Also hill challenged schumacher very closely and was never/still isn’t given enough respect in terms of his racing prowess. Even more so given that he was a bike racer who if memory serves didn’t even do karting as a lad. To give you an idea of how impressive that is, think of an athlete say a footballer since we all know what that is. Going to the shaolin temple at 20 and becoming *the best* martial artist within 6 years, against monks who have been training their art since 3 years old. That is what hill did in formula one. In his second title year *no one* is challenging vettel which suggests a more dominant car than schumacher had in 94-95 considering how close hill came and given the fact that you all think he drives like a granny.

        1. Are we not talking about the illegal Benetton of 94? And some of you honour that and compare that to SV today? In 94 they got caught with illegal fuel refillers, got caught running their car too low thus wearing out their skid plate too much, and let’s not even go there with the whack on DH. Then there’s the suspected traction control that they still were suspected of using after it had been made illegal…the system having been found on the car only for them to say to the FIA ‘sure it is there, prove we used it’. There is absolutely nothing to honour in MS’s first ill-earned WDC.

          1. Hill drove straight into the side of M.S. There was just no room for his nose where he put it.

          2. The tracton control was proven te be on the car. It was hidden in the menu.

            The stewards couldn’t prove that it was used during a race.

        2. TheBrav3…the only blueprint MS laid was to make it a one way street on his teams so that by contract his teammates were not to compete against him, thus by a decision in the boardroom not on the track we the viewing audience was robbed of true racing in the pinnacle of racing. When MS was in a dominant Ferrari his only true challenger, that being the other driver in the same car, was not allowed to compete against him, and was there only to support him, as witnessed in Austria 02 with Reubens pulling over to hand MS a ‘win’ with metres to go before the start/finish line, after which RB said he was just obeying his contract.

          1. Except Barrichello admitted years later on Top Gear that he wasn’t contracted to be number two to Michael:


          2. @David A. He didn’t exactly get overtaken by Schumacher in Austria 2002. He was ordered to pull over by Jean Todt.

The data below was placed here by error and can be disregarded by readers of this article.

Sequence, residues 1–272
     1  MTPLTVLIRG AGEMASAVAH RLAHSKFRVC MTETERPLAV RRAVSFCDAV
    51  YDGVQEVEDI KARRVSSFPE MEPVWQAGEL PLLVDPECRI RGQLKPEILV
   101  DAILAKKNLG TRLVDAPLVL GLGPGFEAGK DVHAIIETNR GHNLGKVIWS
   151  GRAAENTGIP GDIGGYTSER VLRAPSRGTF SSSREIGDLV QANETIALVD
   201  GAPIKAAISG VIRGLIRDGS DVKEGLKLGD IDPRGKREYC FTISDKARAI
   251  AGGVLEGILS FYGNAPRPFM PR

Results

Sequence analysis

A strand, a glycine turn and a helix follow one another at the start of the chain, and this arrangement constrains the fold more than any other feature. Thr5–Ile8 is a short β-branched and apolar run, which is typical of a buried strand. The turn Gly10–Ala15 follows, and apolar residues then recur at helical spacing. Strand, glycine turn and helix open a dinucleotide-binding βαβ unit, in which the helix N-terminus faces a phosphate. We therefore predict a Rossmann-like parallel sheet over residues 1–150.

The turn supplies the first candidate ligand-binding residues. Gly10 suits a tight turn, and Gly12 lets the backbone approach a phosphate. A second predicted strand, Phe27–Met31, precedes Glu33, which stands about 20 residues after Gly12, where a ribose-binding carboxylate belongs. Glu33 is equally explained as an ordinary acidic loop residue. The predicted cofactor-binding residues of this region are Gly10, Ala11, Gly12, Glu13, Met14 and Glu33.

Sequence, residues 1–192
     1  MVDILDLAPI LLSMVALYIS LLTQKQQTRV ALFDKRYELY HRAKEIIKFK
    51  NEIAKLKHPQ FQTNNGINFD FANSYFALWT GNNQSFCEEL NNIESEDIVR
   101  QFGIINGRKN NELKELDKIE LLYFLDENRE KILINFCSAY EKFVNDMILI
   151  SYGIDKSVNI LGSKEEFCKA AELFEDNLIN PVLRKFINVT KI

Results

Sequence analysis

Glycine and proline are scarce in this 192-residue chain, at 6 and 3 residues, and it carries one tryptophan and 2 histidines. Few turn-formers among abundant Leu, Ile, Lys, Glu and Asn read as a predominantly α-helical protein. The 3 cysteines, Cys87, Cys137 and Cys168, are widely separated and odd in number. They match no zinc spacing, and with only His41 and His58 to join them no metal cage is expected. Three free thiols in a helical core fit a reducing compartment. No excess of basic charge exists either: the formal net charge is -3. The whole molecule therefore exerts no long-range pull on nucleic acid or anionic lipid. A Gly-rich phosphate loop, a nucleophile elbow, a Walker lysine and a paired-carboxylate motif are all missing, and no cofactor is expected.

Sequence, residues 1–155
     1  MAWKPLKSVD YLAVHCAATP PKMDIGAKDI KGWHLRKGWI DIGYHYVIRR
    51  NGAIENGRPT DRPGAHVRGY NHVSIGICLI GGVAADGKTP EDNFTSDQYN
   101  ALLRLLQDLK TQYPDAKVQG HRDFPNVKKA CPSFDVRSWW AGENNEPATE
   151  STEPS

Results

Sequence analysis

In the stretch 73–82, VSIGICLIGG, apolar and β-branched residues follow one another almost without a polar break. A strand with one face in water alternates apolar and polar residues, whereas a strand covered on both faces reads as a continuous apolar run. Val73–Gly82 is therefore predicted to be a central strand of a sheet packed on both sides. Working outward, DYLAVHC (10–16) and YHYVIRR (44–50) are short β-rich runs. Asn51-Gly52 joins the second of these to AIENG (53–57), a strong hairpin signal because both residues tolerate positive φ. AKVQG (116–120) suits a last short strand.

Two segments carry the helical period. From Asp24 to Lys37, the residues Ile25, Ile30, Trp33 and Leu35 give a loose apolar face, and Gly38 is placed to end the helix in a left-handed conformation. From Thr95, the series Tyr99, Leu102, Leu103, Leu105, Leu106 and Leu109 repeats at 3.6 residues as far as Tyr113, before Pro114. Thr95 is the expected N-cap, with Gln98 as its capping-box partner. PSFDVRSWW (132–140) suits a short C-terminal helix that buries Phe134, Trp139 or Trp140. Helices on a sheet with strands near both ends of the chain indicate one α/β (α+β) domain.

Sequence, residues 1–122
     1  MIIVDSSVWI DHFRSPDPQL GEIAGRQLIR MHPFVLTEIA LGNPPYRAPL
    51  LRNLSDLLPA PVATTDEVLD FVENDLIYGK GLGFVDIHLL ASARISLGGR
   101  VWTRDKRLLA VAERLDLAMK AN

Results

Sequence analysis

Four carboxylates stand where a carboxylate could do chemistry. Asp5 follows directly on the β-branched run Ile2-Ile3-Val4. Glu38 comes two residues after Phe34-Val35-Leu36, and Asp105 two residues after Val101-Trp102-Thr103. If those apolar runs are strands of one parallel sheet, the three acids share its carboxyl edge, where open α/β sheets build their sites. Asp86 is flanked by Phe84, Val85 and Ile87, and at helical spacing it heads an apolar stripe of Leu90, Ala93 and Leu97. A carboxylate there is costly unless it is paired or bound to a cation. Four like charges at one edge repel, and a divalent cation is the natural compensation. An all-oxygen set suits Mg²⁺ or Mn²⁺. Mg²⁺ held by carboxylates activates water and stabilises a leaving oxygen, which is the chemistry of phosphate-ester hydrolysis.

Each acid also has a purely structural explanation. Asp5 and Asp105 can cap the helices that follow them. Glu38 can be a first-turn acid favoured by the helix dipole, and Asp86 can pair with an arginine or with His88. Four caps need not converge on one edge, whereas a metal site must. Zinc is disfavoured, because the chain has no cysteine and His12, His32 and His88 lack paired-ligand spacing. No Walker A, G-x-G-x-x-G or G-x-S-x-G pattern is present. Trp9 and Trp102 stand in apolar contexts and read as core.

In your video, I think the point Rubens was trying to make was that Ferrari blackmailed him to finish behind Schumacher, even though it wasn’t written on his contract.

          3. Barrichelo clearly said in a interview (in portuguese) they had the same equip, but the attentions were to MS.

        3. That’s so true. Many people underestimate ones like Hill but not many of them remember that in his best times he was able to drive a pathetically weak Arrows into points (he actually missed a race win in Hungary ’97 on a last lap with a broken gearbox). There were also Hakkinen, Coulthard, Alesi, Irvine, Frentzen, Montoya, Raikkonen et cetera, many great drivers that had deserved their own WDC’s. Saying that Vettel’s competition is harder now judging only by the statistic number od WDC holders in the pack and comparing that to Schumacher is simply not right – many of the drivers I’ve mentioned missed their WDC’s because of Schuey’s domination.

          1. Hakkinen, Coulthard, Alesi, Irvine, Frentzen, Montoya, Raikkonen

            If this is “Spot The Deliberate Mistake”, I think I’ve won ;-)

          2. lecho makes a good point here. We can’t just dismiss Schumacher’s opposition because they didn’t win as much as Vettel’s opposition today. It could well have been that Schumacher was THAT good, so good that he made anyone else seem inferior, when in fact, they would’ve fared much, much better in a Schumi-less era.

          3. I am not too sure all those drivers really deserved a WDC, but I get your point.
            If Vettel and RBR go on like this no new guy has much chance of winning more than the odd race and no realistic chance to get even close to the championship.

    3. For me Schumacher’s ’94 win will always be tainted by ‘that clash’ with Hill at Adelaide, and the ’95 one… well, Briatore and Symonds?

      And Schumacher’s 00-04 run? Well, he had the best car, didn’t he… just like Vettel. ;)

      1. In 2000 and 2003, Schumacher didn’t have a dominant car, and it’s arguable that he didn’t even have the best car. You’re also going nowhere with your attempt to discredit his 1995 title, which was one of the best title wins F1 has ever seen.

        1. It was amazing, but its often forgotten how dreadfully poor williams pit crew and strategy was…it was painful at times! at monaco damon pitted after michael, while in the lead yet did one extra stop than michael. your sitting there watching thinking ‘what are you doing!!’

          nothing away from his performances in 95 tho, he was amazing! great battles with alesi spring to mind. suzuka and european gp.

          1. I guess you’re right 85Q.

        2. In 2000 and 2003 MS had the Constructor’s winning car.

          1. Which is more likely to happen when Schumacher wins the drivers title.